With a dramatically flowing mane, the Friesian horse's agility and gracefulness seem to contrast with its draft horse size and scale. Almost always found in black, Friesians originated in a province of the Netherlands. These horses have gorgeous, eye-catching good looks and are a favorite breed for pulling carriages and buggies. Many owners of Friesians also use them for dressage events.
1. Scientific & Common Names
6. Present Status
7. Present Status
Scientific & Common Names
Genus & Species - Equus ferus caballus
Common Names - Friesian, Belgian Black, Belgian Heavy Horse
Registered Friesian horses are always black, although there are some non-registered specimens that are black-bay and dark brown. Some Friesian horses have white stars on their foreheads, but no further white coloration is permitted for registered horses. Friesian stallions must be at least 15.3 hands in height by the age of 4 to enter the Friesian stud book, and they weigh on average about 1,300 pounds. One distinctive quality of a Friesian horse is their arched topline. These horses also have expressive heads and unusually small ears.
As with most horses, Friesian stallions are usually ready for breeding around the age of 2, but most owners wait until their stallions are 4 years of age to allow them to breed mares.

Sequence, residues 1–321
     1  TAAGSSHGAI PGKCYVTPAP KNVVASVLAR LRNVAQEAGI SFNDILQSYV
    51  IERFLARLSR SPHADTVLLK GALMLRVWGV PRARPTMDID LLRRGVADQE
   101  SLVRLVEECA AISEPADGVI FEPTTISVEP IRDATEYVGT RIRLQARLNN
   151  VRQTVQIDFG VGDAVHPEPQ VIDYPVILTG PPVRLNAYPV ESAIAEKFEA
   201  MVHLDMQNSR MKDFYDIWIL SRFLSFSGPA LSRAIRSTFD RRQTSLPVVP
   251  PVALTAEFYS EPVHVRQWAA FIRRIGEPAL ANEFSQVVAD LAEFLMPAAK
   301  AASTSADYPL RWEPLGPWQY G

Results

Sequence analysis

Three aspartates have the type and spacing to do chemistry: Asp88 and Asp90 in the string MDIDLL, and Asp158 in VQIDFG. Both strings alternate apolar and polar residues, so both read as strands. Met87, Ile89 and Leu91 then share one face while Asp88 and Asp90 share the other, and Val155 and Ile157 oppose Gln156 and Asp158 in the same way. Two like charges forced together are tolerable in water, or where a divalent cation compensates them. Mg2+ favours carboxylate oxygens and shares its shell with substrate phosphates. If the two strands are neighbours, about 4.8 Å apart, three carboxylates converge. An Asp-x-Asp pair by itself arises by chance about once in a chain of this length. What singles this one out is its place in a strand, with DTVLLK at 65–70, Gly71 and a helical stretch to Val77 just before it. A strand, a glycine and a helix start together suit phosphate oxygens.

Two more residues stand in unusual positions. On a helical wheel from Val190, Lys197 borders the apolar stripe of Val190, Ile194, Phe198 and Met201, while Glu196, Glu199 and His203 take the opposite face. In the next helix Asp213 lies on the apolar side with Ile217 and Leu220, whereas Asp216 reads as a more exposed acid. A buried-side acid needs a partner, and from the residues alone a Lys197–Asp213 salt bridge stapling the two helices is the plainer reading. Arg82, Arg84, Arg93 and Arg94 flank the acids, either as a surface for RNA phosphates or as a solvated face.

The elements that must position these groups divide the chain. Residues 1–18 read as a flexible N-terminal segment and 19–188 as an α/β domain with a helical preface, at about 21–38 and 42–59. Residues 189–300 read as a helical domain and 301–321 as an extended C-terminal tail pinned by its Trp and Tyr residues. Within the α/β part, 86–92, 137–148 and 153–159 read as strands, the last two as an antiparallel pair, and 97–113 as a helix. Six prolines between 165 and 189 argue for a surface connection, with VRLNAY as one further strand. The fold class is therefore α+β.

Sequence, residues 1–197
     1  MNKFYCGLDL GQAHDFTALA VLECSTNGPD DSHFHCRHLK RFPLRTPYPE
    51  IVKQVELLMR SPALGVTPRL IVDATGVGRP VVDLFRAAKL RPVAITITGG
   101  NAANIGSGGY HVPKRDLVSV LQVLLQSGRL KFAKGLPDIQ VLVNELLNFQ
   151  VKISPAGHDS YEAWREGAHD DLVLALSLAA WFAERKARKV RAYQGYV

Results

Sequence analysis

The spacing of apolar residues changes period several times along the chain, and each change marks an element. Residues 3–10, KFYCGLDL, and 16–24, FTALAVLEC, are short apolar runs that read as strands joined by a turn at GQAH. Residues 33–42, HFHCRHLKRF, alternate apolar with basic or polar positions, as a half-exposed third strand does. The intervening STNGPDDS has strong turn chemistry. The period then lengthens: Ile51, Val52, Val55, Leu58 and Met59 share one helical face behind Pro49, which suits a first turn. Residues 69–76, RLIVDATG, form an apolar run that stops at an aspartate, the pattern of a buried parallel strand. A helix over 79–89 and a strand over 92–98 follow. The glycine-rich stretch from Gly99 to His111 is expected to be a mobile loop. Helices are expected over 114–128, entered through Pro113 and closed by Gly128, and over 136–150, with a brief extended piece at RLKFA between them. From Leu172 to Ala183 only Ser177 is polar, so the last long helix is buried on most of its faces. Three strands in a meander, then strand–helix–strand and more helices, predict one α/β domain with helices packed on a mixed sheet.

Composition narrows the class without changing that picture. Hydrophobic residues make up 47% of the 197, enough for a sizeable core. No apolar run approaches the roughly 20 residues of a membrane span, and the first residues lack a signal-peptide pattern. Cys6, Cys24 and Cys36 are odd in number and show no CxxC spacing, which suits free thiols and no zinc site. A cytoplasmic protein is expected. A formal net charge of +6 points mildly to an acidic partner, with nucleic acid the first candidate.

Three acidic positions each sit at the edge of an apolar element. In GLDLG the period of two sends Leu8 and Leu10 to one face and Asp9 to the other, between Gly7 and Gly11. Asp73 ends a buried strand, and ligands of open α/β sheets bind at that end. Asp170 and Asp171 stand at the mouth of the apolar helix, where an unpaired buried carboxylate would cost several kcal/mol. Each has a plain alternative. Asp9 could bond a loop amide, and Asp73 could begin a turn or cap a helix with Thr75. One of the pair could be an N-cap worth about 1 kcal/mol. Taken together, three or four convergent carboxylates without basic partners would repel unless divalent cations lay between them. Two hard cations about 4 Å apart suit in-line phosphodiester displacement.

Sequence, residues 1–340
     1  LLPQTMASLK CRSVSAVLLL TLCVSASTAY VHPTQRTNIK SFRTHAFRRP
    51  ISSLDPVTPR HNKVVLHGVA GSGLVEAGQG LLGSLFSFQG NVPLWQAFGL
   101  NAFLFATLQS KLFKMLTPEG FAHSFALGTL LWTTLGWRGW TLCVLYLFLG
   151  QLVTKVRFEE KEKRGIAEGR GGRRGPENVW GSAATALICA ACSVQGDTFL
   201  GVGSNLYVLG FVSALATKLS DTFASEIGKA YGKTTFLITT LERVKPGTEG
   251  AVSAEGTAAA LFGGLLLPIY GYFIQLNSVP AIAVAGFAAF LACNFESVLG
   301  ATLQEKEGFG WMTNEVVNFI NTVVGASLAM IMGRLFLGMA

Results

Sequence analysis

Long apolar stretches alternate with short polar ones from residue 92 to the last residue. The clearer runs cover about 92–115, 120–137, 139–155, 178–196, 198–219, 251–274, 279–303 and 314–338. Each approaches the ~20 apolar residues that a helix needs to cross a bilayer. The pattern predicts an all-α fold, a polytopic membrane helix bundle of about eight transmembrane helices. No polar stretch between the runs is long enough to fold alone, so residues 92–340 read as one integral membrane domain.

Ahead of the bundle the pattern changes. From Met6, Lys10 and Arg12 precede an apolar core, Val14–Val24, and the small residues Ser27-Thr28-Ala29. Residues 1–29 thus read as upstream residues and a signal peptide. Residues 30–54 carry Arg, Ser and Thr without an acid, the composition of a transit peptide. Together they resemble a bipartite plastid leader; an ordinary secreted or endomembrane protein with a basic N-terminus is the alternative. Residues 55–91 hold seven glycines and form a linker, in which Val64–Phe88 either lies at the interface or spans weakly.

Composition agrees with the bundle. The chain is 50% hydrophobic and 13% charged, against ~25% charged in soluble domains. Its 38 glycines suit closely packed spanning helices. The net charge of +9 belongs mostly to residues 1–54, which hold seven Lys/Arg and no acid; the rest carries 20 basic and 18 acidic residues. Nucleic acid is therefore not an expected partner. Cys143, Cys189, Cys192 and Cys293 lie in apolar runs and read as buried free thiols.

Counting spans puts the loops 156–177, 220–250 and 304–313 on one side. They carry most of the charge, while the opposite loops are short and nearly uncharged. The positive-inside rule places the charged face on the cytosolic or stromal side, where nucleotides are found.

Friesian stallions are known for their friendly dispositions and even temperaments. These horses are intelligent and eager to please their owners. Friesians are popular because they are extremely versatile, being commonly used for dressage, trail riding, and pulling carriages.
The Friesian horse is one of Europe's oldest horse breeds. It originated in Friesian, a province of the Netherlands. The Normans rode Friesians in medieval times, and when European knights in heavy armor needed a sturdy, powerful, dependable mount, they often chose Friesians. These horses made it all the way to the Middle East during the Crusades. Friesians have faced extinction several times in their long history, but dedicated breeders stepped up to save these regal mounts. After World War II, fuel shortages in Europe prompted farmers and teamsters to once again rely on Friesians for farm work and hauling. Currently, Friesians are not often used for these strenuous tasks. Instead, they are used commonly as carriage horses, and they are excellent for dressage.
Currently the Dutch Friesian Registry contains around 45,000 horses, and about 8,000 of those horses live in the United States of America.